03 October 2022
Gardening is a natural way to reuse leftover materials. For example, using leftover plant material to enrich soil, also called composting, is a good way to reuse uneaten food.
Growing food from parts of plants not used in cooking also reduces waste and saves money.
Instead of throwing away or composting the bottoms or tops of vegetables when preparing them, you can grow them into leafy greens or other produce right in front of your window. Produce like beets, celery, scallions and leeks, and romaine lettuce can be regrown in this way.
It is important to note that these methods are not likely to produce plants that will grow well in your garden. Regrowing plants is not a good way to replace young, growing seedlings. But they are likely to make enough greens for side dish to add to a dinner or two. And regrowing plants can be a fun project.
Leftover produce will grow best with a lot of sunlight. Use slightly warm water and replace it every day or two to avoid the growth of bacteria. Do not worry if the part of the plant under water becomes a bit slimy. However, if the whole plant starts to turn brown, throw it in the compost and start over.
Beets are a good plant to regrow because they provide two side dishes: the large root and the tasty greens. You cannot regrow a beetroot indoors from a cutting, but you can regrow more leafy greens.
To do so, cut off the top four centimeters or so from a beetroot and place it cut-side down in a dish that contains just enough water to keep the cut end under water.
New leaves will regrow from the top within a few days. And you can start harvesting them in two weeks or so. This method also works with the similar vegetables, parsnips and turnips.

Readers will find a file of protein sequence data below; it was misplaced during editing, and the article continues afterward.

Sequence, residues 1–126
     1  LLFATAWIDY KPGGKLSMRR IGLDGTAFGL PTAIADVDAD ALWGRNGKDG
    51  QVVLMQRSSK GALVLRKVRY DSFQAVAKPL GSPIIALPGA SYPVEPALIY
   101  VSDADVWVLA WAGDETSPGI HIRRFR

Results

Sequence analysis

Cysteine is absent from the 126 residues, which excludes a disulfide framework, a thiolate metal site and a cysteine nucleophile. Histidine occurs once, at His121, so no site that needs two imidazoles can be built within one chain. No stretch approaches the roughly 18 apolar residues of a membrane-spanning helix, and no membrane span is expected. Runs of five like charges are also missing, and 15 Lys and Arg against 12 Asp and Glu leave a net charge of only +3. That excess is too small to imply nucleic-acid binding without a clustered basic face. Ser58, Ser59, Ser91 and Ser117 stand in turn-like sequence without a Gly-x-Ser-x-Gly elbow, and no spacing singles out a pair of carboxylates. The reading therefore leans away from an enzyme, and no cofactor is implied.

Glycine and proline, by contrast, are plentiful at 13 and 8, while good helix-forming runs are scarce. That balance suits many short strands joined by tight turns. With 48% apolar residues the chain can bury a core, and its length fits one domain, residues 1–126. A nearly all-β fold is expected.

For celery, cut eight centimeters off the bottom of a head of the plant. Then, cut off a very thin piece from the very bottom of the eight centimeter piece. Place it right-side up in a container and pour in five centimeters of water. New growth will appear from the center in just a few days.
Scallions and leeks
For scallions and leeks, cut the white part from the bottom of the stalk. Then place it root-side-down in a container holding 2.5 centimeters of water. If the stalk outgrows the container, move it to a larger one. New growth will be harvestable in about two weeks.
For romaine lettuce, cut eight centimeters off the bottom of a head of the plant, then remove its outermost leaves. Place the eight-centimeter "heart" in a container to which you have added a little over a centimeter of water.
Within a week, a small growth will appear from its center. As it grows, it is normal for some of the heart's outer leaves to turn brown. Remove them. When the center part is large enough, cut off that part and enjoy. Then, just wait for more to grow.
I'm Gregory Stachel.
Jessica Damiano reported this story for The Associated Press. Gregory Stachel adapted it for VOA Learning English.
Words in This Story
dish – n. a shallow container that you cook or serve food in
slime – n. a thick, slippery liquid
stalk – n. a thick or tall stem of a plant